Intel plans 3D NAND flash next year for 'as much storage as you want'

The company says it can pack double the number of bits in a die compared with its competitors

Intel plans to ship 3D NAND flash chips next year that will allow it to cram more bits into solid-state storage.

Its 3D NAND will have twice the density of competing products on the market now, Intel claims. Samsung, a key rival, is already on its second generation of SSDs built with 3D technology.

3D NAND has multiple layers of transistors stacked on top of each other in a cube. Intel's chips will have 32 layers. Samsung is shipping SSDs made with 32-layer flash, but Intel says its products will hold twice as many bits: 256 billion bits on a single die using MLC (multilevel cell), the most common form of flash.

Flash storage is much faster and more power-efficient than spinning disks but remains more expensive to manufacture. By doubling the capacity of a single die, Intel thinks it can achieve a breakthrough in the cost of flash so it can go into a wider range of systems. Products that already use flash will be able to have more storage for a given price.

For the high end of the market, Intel will be able to fit 1TB of data on a NAND chip just two millimeters thick, said Rob Crooke, vice president and general manager of Intel's Non-Volatile Memory Solutions Group. He announced the plans at Intel's investor meeting on Thursday.

"We're no longer having to make a compromise on how much storage we can fit in there," Crooke said. Within the next two years, Intel plans to build storage cards for enterprise servers that have more than 10TB of capacity.

The technology also increases what Intel can do for less expensive systems.

"You can [have] good-enough storage, so something less than a terabyte, at a much, much lower cost," he said. For thin and light devices such as two-in-one tablet-PCs, "you can get as much storage as you want," he said.

Flash still makes up only about 20 percent of storage sold today, averaged across all types of systems, Crooke said. Current projections see flash reaching 50 percent of the notebook market and 35 percent of the server market by 2018, he said.

Stephen Lawson covers mobile, storage and networking technologies for The IDG News Service. Follow Stephen on Twitter at @sdlawsonmedia. Stephen's e-mail address is stephen_lawson@idg.com

Join the Good Gear Guide newsletter!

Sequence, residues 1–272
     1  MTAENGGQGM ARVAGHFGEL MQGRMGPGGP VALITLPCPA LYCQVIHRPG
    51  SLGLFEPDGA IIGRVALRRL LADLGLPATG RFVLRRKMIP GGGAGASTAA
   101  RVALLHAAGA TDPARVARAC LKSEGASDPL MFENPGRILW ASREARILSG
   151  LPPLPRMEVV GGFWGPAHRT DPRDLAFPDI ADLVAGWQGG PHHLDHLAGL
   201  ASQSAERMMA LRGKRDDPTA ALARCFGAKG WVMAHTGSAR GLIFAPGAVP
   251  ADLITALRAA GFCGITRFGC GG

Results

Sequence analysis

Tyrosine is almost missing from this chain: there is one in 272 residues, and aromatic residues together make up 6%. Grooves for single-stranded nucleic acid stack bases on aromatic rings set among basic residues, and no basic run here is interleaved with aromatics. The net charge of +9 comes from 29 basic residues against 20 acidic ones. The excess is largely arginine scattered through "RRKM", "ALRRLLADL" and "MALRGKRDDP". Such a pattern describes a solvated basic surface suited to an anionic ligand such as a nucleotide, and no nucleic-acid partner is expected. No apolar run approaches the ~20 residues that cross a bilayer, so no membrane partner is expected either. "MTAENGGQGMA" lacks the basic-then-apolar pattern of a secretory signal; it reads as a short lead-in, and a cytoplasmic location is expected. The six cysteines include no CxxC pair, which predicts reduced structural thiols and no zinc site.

Error: Please check your email address.

Tags storageComponentsintelmemory

Our Back to Business guide highlights the best products for you to boost your productivity at home, on the road, at the office, or in the classroom.

Keep up with the latest tech news, reviews and previews by subscribing to the Good Gear Guide newsletter.

Stephen Lawson

IDG News Service
Show Comments

Cool Tech

Crucial Ballistix Elite 32GB Kit (4 x 8GB) DDR4-3000 UDIMM

Learn more >

Gadgets & Things

Lexar® Professional 1000x microSDHC™/microSDXC™ UHS-II cards

Learn more >

Family Friendly

Lexar® JumpDrive® S57 USB 3.0 flash drive 

Learn more >

Stocking Stuffer

Plox Star Wars Death Star Levitating Bluetooth Speaker

Learn more >

Christmas Gift Guide

Click for more ›

Most Popular Reviews

Latest News Articles

Resources

GGG Evaluation Team

Kathy Cassidy

STYLISTIC Q702

First impression on unpacking the Q702 test unit was the solid feel and clean, minimalist styling.

Anthony Grifoni

STYLISTIC Q572

For work use, Microsoft Word and Excel programs pre-installed on the device are adequate for preparing short documents.

Steph Mundell

LIFEBOOK UH574

The Fujitsu LifeBook UH574 allowed for great mobility without being obnoxiously heavy or clunky. Its twelve hours of battery life did not disappoint.

Andrew Mitsi

STYLISTIC Q702

The screen was particularly good. It is bright and visible from most angles, however heat is an issue, particularly around the Windows button on the front, and on the back where the battery housing is located.

Simon Harriott

STYLISTIC Q702

My first impression after unboxing the Q702 is that it is a nice looking unit. Styling is somewhat minimalist but very effective. The tablet part, once detached, has a nice weight, and no buttons or switches are located in awkward or intrusive positions.

Featured Content

Latest Jobs

Don’t have an account? Sign up here

Don't have an account? Sign up now

Forgot password?